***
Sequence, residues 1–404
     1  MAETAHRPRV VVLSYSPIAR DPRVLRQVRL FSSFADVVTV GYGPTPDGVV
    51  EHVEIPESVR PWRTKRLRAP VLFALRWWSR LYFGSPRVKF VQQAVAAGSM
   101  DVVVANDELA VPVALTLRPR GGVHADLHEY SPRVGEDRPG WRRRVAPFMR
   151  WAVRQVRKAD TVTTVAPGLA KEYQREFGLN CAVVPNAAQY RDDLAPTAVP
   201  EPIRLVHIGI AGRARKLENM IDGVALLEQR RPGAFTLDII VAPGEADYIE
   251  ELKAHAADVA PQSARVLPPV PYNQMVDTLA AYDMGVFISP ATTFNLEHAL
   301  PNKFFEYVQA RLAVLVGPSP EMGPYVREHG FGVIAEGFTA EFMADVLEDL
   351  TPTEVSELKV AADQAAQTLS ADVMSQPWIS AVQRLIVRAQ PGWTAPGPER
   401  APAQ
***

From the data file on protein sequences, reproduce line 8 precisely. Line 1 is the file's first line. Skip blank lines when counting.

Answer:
   301  PNKFFEYVQA RLAVLVGPSP EMGPYVREHG FGVIAEGFTA EFMADVLEDL